Bilateral agreements under the EPBC Act: How easy is it to cut green tape? (Part 1)

Overlapping State and Commonwealth approval requirements leading to project risks

The environmental approval process under the Commonwealth’s Environment Protection and Biodiversity Conservation Act 1999 (EPBC Act) operates in parallel to State-based approval processes, such as the development consent process under the Environmental Planning and Assessment Act 1979 (NSW) (EP&A Act).

That means that, for example, a person who wants to:

  • construct a road or a pipeline in the vicinity of a nationally listed threatened species
  • develop a building or an industrial plant next to Commonwealth land
  • develop a coal mine that may have a significant impact on water resources
  • subdivide land in the vicinity of Ramsar wetlands,

may need to obtain both a State and Commonwealth approval, if the proposed action is likely to have a significant impact on a matter of national environmental significance.

An approval is needed under the EPBC Act where a proposed action is likely to have a significant impact on a matter of national environmental significance. Matters of national environmental significance include: Ramsar wetlands of international importance, nationally threatened species and ecological communities, migratory species protected under international agreements, the Great Barrier Reef Marine Park, national heritage places, world heritage properties, nuclear actions and water resources impacted by coal seam gas or large coal mining development.  EPBC Act approval is also required where a proposed action is likely to have a significant impact on Commonwealth land and/or a Commonwealth marine area.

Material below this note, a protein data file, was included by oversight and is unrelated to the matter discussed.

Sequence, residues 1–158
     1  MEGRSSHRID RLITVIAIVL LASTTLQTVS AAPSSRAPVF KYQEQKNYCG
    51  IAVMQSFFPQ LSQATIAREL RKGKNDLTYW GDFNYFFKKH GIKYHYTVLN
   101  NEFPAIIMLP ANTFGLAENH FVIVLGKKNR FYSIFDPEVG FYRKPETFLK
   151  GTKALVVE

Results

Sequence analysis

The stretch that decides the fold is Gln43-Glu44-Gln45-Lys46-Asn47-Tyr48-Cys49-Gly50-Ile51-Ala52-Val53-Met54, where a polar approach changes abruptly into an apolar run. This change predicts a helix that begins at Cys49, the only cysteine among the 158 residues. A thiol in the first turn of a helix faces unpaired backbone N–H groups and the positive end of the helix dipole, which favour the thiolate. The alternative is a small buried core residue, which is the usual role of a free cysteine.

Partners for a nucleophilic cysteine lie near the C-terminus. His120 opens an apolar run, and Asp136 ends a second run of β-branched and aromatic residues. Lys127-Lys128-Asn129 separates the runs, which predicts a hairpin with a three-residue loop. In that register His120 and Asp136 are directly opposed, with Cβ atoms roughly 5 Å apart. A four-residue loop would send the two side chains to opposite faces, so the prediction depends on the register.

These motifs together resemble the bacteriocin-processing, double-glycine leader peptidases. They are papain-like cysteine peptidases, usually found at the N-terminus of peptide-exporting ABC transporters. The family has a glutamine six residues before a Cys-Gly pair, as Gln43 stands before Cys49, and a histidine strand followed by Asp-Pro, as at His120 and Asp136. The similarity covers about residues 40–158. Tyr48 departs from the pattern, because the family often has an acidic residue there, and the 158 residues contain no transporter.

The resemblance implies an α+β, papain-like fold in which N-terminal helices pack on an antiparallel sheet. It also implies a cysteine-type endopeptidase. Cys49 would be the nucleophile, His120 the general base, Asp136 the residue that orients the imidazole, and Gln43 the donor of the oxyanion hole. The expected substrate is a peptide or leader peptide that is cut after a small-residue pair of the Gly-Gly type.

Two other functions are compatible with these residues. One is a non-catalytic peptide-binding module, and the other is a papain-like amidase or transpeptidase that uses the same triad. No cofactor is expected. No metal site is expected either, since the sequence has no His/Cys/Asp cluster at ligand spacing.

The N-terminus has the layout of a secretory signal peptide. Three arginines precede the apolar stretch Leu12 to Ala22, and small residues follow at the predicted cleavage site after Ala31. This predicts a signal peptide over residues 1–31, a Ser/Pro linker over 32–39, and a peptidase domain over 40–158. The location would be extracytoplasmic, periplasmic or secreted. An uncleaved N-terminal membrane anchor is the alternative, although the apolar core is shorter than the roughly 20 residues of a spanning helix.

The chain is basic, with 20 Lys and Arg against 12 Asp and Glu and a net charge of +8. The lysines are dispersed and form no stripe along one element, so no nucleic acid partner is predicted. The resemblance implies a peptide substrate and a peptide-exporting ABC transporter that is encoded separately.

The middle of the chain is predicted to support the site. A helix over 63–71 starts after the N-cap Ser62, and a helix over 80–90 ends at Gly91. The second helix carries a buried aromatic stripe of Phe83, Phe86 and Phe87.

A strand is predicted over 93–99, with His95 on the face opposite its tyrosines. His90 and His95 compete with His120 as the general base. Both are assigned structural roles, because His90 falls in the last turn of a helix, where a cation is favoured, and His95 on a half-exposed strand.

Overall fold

Risks arising from duplication